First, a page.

Washington Weekly
Nov. 4, 2014

Election Day 2014

Today millions of Americans are planning to head out to the polls, while millions more completed early and absentee voting throughout the nation this fall.

Nearly every major newspaper of record is now predicting a Republican takeover of the U.S. Senate, with Republicans also gaining seats in the House, potentially leading to its biggest majority since WWII. The Washington Post is predicting that 79% of the seats will change hands. However, two states are not expected to be decided tonight, Louisiana and Georgia, which require that the winner receive over 50% of the vote. Interestingly, Georgia’s scheduled run-off would not be until January 6, three days after Congress is sworn in. Alaska is likely to change hands, but that election will not be called until late into the night. To see who is on every federal ballot in the nation and to keep track for yourself, click here.

Experts have been saying that two states to watch are New Hampshire and Kentucky. If things end early and Republican Scott Brown wins in the Granite State, things should look very good nationwide for the GOP. However, if Kentucky challenger Allison Lundegren Grimes manages to give the presumptive leader in the Senate Mitch McConnell a stronger fight, it could be a very good sign nationally for Democrats.

Throughout the day, ASA's E-Advocacy Hub will be your source for up-to-the-minute election results and information. Powered by our partners at BIPAC, beginning at 6 a.m., election information will be updated hourly and can be viewed here.More

Item of Interest

Last night, our 2012 and 2014 Legislative Fly-in Speaker, David Wasserman provided his final analysis of the landscape in the House. He will also be doing election night analysis for NBC News this evening.

HOUSE OVERVIEW | By David Wasserman, Nov. 3
Final Preview: 7 Things to Watch in the House

For political junkies fraught with anticipation, it's Christmas Eve. Tomorrow, most will be glued to to the question of whether Republicans take back the Senate. But, there are some unresolved subplots in the House as well, despite the fact that Republicans appear certain to expand their majority - our current estimate is between six and 12 seats. Here is a "viewer's guide" of seven potential House takeaways to keep in mind on Election NightMore

House: Double-Digit GOP Gains Now Possible
The Cook Political Report
With less than a week to go, the momentum is clearly with Republicans, and House Democrats are bracing for the possibility that Election Night could be uglier than they originally thought. The DCCC has been forced to shift more and more resources to playing defense in Democratic-leaning districts, and several seats that looked in good shape a few months ago are now looking more precarious.More

Advocates Plan Massive Push for Online Sales Tax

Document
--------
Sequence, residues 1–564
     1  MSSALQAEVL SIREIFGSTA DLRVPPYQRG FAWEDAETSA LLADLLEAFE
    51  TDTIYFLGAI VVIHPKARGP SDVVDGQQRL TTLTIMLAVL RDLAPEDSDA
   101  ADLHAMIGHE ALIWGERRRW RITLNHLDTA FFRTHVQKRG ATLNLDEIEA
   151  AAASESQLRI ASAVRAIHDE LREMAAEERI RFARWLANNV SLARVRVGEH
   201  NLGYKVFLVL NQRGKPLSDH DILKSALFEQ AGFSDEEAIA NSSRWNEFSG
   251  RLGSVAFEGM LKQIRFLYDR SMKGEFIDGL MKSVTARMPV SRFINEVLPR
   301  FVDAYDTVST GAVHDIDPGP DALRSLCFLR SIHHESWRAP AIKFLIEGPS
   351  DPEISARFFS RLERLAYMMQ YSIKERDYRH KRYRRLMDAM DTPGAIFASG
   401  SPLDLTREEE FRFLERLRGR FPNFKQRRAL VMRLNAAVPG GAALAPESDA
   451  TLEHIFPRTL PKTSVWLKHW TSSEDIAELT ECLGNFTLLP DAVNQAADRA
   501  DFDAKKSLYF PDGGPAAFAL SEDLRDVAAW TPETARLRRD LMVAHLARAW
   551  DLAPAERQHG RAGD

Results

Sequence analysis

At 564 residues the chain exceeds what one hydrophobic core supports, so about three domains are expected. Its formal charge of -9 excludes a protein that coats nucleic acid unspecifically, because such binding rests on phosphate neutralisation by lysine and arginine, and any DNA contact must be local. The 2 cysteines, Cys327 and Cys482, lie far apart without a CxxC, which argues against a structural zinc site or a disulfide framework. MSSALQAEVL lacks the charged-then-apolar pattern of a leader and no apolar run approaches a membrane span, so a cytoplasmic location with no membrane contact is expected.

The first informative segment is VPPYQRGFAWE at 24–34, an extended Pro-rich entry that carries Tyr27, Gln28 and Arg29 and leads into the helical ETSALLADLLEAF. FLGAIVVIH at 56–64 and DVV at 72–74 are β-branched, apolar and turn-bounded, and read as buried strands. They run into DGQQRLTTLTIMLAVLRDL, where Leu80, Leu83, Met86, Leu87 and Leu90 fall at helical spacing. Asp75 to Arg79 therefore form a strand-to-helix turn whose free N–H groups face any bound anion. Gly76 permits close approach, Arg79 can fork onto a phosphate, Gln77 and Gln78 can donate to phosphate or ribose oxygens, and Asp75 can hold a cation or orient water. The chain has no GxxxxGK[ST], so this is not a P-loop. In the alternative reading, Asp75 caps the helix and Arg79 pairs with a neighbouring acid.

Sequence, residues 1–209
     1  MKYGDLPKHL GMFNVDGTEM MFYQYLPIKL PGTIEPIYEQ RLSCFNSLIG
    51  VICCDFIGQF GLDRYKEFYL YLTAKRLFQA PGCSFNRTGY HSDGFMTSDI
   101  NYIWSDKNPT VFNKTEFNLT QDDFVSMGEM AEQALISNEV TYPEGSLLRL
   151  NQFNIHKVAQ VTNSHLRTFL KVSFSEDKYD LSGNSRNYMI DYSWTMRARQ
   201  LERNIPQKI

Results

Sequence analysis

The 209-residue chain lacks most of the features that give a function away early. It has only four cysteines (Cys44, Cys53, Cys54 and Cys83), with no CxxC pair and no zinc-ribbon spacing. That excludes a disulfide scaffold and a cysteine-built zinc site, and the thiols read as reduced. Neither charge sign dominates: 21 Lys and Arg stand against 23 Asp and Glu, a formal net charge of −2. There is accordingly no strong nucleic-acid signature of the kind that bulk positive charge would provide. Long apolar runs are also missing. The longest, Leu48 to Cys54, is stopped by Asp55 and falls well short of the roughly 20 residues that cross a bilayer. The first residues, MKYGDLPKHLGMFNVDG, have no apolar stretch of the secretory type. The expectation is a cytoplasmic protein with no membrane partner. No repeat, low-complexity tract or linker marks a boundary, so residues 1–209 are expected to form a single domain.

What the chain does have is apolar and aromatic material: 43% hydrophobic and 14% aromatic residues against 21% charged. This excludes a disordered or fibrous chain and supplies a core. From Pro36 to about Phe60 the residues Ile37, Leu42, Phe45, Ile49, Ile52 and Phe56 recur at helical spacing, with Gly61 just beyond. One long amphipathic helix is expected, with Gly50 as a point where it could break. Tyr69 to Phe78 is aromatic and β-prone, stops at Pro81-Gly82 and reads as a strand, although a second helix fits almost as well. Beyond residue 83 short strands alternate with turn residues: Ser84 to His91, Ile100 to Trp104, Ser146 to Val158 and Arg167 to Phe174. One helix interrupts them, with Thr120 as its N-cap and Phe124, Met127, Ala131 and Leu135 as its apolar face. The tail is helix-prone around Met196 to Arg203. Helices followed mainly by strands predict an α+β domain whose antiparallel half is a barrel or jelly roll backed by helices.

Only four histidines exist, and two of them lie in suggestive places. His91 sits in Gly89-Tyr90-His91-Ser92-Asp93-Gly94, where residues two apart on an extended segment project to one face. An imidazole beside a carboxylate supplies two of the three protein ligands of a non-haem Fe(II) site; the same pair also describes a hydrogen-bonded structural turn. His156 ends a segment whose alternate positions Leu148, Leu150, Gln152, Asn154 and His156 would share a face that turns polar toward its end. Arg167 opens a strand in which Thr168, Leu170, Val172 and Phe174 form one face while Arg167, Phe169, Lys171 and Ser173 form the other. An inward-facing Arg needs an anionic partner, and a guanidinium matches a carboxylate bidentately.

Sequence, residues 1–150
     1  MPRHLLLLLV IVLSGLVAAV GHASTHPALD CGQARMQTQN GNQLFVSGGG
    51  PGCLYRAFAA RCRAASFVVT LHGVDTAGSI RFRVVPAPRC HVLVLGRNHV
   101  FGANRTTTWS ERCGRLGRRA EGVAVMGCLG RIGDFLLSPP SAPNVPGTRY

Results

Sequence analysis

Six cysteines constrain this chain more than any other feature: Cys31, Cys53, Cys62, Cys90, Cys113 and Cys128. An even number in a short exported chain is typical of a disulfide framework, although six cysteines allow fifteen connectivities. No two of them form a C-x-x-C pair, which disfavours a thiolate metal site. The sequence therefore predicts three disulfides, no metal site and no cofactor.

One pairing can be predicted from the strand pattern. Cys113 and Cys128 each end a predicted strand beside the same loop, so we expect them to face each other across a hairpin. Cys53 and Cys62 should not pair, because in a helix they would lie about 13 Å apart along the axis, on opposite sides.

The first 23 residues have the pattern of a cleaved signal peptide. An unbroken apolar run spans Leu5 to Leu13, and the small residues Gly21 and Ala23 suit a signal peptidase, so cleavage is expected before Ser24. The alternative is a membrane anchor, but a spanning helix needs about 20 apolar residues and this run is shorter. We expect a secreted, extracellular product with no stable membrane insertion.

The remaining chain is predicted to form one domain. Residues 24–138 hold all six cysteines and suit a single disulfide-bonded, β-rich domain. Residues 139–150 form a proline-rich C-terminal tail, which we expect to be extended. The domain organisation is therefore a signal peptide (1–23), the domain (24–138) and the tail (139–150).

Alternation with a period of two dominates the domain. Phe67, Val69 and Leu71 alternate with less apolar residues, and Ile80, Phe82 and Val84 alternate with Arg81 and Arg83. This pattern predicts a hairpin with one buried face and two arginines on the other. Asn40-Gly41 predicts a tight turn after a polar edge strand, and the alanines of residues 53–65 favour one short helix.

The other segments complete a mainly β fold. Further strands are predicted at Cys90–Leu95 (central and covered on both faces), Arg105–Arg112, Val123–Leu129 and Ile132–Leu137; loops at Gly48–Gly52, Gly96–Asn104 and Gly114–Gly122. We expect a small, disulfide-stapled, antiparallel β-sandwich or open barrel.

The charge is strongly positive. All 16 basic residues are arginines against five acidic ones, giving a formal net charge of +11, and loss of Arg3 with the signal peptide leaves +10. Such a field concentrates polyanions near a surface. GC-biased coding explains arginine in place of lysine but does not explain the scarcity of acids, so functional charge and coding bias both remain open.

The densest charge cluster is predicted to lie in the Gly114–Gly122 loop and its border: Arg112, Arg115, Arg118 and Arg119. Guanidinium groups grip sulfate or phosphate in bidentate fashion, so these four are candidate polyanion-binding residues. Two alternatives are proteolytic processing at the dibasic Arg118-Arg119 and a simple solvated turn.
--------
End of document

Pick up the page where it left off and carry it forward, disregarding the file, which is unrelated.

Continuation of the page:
The Hill
Advocates for giving states more freedom to collect sales taxes on online purchases are launching a last-minute lobbying flurry, believing the looming post-election session of Congress will be their best shot to get a bill signed into law. The bill, known as the Marketplace Fairness Act, has a history of bipartisan Senate support, and its backers have long believed that it is just a matter of time before it gets across the finish line. More

What You Can Learn from Looking at Election Day's Most Boring House Races
National Journal
On Nov. 5, we will hopefully know which party will take the reins in Congress. But with so much emphasis being placed upon the scant swing districts across the country, the safe districts might feel a little left out. So, National Journal took a look at the safest of the safe districts for Republicans and Democrats in the House of Representatives, using The Cook Political Report's Partisan Voting Index. More

Election Lab: 2014 Midterm Elections Forecast
The Washington Post
Like most forecasting models, Election Lab uses the past to predict the future. To predict House and Senate elections in 2014, they draw on the elections from 1980-2012. They first look at how well key factors were related to outcomes in those past elections. More

Minimum Wage Hike on Ballot in 4 Red States
The Hill
Voters in four traditionally conservative states will lend their voices Nov. 4 to the national debate over raising the minimum wage. Initiatives on the issue will appear on ballots in Alaska, Arkansas, Nebraska and South Dakota.More

Mysteries in the Race for the House
As the 2014 House election enters its final hours, this much is certain: Republicans will retain control of the chamber, and perhaps win their largest majority since the 1940s. After that, there are all sorts of wild cards. Will this election season — which already saw House Majority Leader Eric Cantor lose his primary — produce any more upsets? More